Eimeria arloingi

From Wikipedia, the free encyclopedia
Jump to navigation Jump to search

Eimeria arloingi
Scientific classification edit
(unranked): SAR
Infrakingdom: Alveolata
Phylum: Apicomplexa
Class: Conoidasida
Order: Eucoccidiorida
Family: Eimeriidae
Genus: Eimeria
E. arloingi
Binomial name
Eimeria arloingi
(Marotel, 1905) Martin, 1909

Eimeria arlongi is a species of Eimeria that causes clinical coccidiosis in goats.[1][2] It and Eimeria ninakohlyakimovae are two of the most pathogenic species for goats.[1] It is particularly prevalent in goat kids in Iran.[1] Issues with coccidiosis specifically due to Eimeria arloingi have also been reported in Egypt and Portugal.[3][4][5] It is unclear whether this species is present in the Americas as most of the case reports of coccidiosis in these areas do not differentiate the species causing the disease. Infections with this species are commonly compounded by infections with other Eimeria species in "mixed infections."[4] This species is closely related to Eimeria bovis and Eimeria zuernii which are both highly pathogenic in cattle'[6] Infections with this species are characterized by lesions specifically in the jejunum, but also the ilium and cecum which results in diarrhea.[7] Oocysts begin shedding between 16 and 18 days after the animal is infected which is when the parasite is spread.[7] The shedding can last as long as 15 days.[2] This parasite causes an immune response in its host that includes accumulation of fluid in body cavities, presence of large numbers of leukocytes in the small intestine, and necrosis of the tissue of the small intestine.[2] Pale yellow plaques[disambiguation needed] can be seen on the small intestine of severely affected kids at necropsy.[2]


Possible treatments include decoquinate, lasalocid, sulfonamides, chlortetracycline, amprolium, monensin, toltrazuril, and diclazuril. Decoquinate, toltrazuril, and diclazuril act on Eimeria at all stages of life. Specific studies to determine the best treatment for Eimeria arloingi infections have not been performed. All treatments should be group treatment accompanied by movement of animals to a clean environment.[8] All treatment plans should be approved by a veterinarian.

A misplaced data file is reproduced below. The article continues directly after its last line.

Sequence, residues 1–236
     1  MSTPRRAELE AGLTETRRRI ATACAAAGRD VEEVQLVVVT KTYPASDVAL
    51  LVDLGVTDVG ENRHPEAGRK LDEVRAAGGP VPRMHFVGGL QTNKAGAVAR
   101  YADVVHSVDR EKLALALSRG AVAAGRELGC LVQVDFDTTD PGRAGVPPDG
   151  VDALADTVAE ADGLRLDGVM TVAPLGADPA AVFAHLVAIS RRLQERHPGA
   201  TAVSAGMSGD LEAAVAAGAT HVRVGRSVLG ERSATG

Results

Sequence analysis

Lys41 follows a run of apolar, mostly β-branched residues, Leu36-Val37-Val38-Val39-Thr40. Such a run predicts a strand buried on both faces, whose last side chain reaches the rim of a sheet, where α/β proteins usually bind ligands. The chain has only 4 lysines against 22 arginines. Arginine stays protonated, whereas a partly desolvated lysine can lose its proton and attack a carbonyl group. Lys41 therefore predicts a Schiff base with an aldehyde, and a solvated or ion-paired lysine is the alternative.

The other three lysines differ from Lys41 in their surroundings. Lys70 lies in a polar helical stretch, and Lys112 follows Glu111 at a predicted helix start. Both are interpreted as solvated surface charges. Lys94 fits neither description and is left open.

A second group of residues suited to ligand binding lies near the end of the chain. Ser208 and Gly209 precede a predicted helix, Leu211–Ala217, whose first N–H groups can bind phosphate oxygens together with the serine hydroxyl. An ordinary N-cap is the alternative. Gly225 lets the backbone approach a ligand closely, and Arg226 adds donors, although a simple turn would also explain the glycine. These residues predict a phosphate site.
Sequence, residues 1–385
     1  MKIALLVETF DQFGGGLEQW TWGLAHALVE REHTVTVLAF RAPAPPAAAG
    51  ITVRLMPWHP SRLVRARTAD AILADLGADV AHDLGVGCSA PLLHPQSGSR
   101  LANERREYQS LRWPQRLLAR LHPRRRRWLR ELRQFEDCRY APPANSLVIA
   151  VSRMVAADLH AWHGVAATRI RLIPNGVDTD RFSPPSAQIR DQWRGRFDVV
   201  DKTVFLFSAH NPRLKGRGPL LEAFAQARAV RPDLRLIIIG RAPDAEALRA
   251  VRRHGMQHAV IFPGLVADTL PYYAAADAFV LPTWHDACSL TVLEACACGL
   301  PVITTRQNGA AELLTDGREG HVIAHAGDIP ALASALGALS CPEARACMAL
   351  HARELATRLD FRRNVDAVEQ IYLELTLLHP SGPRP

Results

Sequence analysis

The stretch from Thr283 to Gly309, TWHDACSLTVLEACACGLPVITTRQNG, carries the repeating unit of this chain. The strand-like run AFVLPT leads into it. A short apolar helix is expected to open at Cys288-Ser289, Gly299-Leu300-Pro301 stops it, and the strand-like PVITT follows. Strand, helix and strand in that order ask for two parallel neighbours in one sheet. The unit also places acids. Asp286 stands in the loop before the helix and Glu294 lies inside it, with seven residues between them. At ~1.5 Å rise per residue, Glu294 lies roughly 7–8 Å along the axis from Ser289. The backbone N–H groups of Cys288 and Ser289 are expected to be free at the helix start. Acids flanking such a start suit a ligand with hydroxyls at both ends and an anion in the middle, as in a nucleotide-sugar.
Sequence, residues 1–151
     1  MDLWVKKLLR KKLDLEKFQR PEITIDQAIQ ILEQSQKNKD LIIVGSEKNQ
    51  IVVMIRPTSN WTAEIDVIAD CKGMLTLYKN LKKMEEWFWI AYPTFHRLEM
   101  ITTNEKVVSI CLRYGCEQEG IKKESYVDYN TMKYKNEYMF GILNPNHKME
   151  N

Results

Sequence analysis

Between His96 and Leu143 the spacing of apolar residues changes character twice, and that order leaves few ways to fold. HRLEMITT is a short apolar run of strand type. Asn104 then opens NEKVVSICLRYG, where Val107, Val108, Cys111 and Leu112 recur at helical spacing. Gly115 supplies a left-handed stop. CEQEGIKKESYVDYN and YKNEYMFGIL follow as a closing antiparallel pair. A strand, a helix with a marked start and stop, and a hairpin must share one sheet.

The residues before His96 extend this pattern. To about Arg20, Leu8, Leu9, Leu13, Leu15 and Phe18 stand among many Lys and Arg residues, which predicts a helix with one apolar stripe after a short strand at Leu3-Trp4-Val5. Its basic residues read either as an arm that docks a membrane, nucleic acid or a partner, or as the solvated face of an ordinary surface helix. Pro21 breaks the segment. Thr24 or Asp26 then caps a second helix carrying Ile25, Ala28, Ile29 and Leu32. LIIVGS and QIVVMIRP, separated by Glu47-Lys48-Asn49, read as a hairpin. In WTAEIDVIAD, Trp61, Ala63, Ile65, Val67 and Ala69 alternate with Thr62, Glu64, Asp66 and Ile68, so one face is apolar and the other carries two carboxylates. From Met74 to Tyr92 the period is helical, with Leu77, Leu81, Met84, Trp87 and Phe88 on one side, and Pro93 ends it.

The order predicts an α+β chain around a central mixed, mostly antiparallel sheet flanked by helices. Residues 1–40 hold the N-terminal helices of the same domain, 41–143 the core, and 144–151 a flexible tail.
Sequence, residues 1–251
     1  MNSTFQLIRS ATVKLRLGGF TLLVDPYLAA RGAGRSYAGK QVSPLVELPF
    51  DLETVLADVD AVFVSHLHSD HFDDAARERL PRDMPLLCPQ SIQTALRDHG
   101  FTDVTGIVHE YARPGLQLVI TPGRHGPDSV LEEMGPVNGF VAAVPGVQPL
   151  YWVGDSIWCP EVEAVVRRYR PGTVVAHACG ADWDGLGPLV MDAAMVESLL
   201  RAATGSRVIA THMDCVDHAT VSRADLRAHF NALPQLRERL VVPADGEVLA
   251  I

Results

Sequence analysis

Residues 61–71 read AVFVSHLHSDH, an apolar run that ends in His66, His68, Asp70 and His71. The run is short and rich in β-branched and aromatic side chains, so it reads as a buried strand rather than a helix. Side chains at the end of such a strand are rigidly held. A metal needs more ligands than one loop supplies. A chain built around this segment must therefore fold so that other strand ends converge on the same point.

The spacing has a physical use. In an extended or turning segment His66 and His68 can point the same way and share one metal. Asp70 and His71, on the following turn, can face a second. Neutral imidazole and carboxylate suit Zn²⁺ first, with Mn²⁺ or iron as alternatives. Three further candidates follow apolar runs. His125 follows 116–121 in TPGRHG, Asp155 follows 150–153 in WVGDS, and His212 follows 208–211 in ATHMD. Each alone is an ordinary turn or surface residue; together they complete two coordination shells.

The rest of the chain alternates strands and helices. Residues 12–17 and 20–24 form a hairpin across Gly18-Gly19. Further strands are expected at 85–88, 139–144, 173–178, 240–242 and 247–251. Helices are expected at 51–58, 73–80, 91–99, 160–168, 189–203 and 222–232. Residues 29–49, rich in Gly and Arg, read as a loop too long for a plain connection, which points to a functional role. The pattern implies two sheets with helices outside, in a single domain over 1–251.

1. ^ a b c Khodakaram-Tafti A, Hashemnia M, Razavi SM, Sharifiyazdi H, Nazifi S (September 2013). "Genetic characterization and phylogenetic analysis of Eimeria arloingi in Iranian native kids". Parasitology Research. 112 (9): 3187–92. doi:10.1007/s00436-013-3494-0. PMID 23779225.
  2. ^ a b c d Sayin F, Dincer S, Milli U (1980). "The life cycle and pathogenicity of Eimeria arloingi (Marotel, 1905) Martin, 1909, in Angora kids and an attempt at its transmission to lambs". Zentralblatt Fur Veterinarmedizin. Reihe B. Journal of Veterinary Medicine. Series B. 27 (5): 382–97. doi:10.1111/j.1439-0450.1980.tb01706.x. PMID 7445833.
  3. ^ Mohamaden WI, Sallam NH, Abouelhassan EM (June 2018). "Eimeria species among sheep and goats in Suez Governorate, Egypt". International Journal of Veterinary Science and Medicine. 6 (1): 65–72. doi:10.1016/j.ijvsm.2018.02.004. PMC 6147386. PMID 30255081.
  4. ^ a b Silva LM, Vila-Viçosa MJ, Nunes T, Taubert A, Hermosilla C, Cortes HC (2014). "Eimeria infections in goats in Southern Portugal". Revista Brasileira de Parasitologia Veterinaria = Brazilian Journal of Veterinary Parasitology. 23 (2): 280–6. doi:10.1590/S1984-29612014051. PMID 25054515.
  5. ^ Gazyagci AN, Anteplioglu T, Canpolat S, Atmaca HT (2015). "Coccidiosis due to Eimeria arloingi infection in a Saanen Goat Kid" (PDF). Res. J. Vet. Pract. 3 (2): 29–32. doi:10.14737/journal.rjvp/2015/
  6. ^ "Eimeria". parasite.org.au.
  7. ^ a b Hashemnia M, Khodakaram-Tafti A, Razavi SM, Nazifi S (March 2012). "Experimental caprine coccidiosis caused by Eimeria arloingi: morphopathologic and electron microscopic studies". Veterinary Research Communications. 36 (1): 47–55. doi:10.1007/s11259-011-9511-9. PMID 22127426.
  8. ^ Khodakaram-Tafti A, Hashemnia M (January 2017). "An overview of intestinal coccidiosis in sheep and goats" (PDF). Rev. Med. Vet. Toulouse. 167: 9–20.